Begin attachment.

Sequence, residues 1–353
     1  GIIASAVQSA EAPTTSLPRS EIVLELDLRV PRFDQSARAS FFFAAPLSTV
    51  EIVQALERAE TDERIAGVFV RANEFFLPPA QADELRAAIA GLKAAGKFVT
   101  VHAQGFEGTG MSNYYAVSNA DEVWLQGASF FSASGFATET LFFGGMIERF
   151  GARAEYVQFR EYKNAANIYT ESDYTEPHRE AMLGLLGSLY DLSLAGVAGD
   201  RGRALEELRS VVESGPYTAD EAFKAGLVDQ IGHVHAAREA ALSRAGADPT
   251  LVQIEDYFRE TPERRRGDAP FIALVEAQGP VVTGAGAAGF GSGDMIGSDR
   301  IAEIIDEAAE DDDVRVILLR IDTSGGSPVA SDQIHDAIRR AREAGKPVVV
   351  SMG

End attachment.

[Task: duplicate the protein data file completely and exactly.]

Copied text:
Sequence, residues 1–353
     1  GIIASAVQSA EAPTTSLPRS EIVLELDLRV PRFDQSARAS FFFAAPLSTV
    51  EIVQALERAE TDERIAGVFV RANEFFLPPA QADELRAAIA GLKAAGKFVT
   101  VHAQGFEGTG MSNYYAVSNA DEVWLQGASF FSASGFATET LFFGGMIERF
   151  GARAEYVQFR EYKNAANIYT ESDYTEPHRE AMLGLLGSLY DLSLAGVAGD
   201  RGRALEELRS VVESGPYTAD EAFKAGLVDQ IGHVHAAREA ALSRAGADPT
   251  LVQIEDYFRE TPERRRGDAP FIALVEAQGP VVTGAGAAGF GSGDMIGSDR
   301  IAEIIDEAAE DDDVRVILLR IDTSGGSPVA SDQIHDAIRR AREAGKPVVV
   351  SMG